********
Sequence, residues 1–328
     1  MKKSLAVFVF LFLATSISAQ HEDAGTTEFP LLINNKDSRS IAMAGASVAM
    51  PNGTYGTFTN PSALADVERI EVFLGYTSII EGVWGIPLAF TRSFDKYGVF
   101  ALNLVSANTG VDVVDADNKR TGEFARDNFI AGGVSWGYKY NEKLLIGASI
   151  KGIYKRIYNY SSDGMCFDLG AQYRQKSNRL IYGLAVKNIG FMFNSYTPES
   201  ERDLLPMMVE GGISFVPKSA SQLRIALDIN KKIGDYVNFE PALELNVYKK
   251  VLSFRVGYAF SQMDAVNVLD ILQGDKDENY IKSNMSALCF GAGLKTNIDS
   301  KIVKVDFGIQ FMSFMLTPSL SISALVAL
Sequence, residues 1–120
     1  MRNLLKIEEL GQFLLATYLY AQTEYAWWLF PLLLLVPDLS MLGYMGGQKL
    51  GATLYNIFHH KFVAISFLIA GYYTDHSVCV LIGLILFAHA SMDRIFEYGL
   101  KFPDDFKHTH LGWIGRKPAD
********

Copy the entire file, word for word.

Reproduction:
Sequence, residues 1–328
     1  MKKSLAVFVF LFLATSISAQ HEDAGTTEFP LLINNKDSRS IAMAGASVAM
    51  PNGTYGTFTN PSALADVERI EVFLGYTSII EGVWGIPLAF TRSFDKYGVF
   101  ALNLVSANTG VDVVDADNKR TGEFARDNFI AGGVSWGYKY NEKLLIGASI
   151  KGIYKRIYNY SSDGMCFDLG AQYRQKSNRL IYGLAVKNIG FMFNSYTPES
   201  ERDLLPMMVE GGISFVPKSA SQLRIALDIN KKIGDYVNFE PALELNVYKK
   251  VLSFRVGYAF SQMDAVNVLD ILQGDKDENY IKSNMSALCF GAGLKTNIDS
   301  KIVKVDFGIQ FMSFMLTPSL SISALVAL
Sequence, residues 1–120
     1  MRNLLKIEEL GQFLLATYLY AQTEYAWWLF PLLLLVPDLS MLGYMGGQKL
    51  GATLYNIFHH KFVAISFLIA GYYTDHSVCV LIGLILFAHA SMDRIFEYGL
   101  KFPDDFKHTH LGWIGRKPAD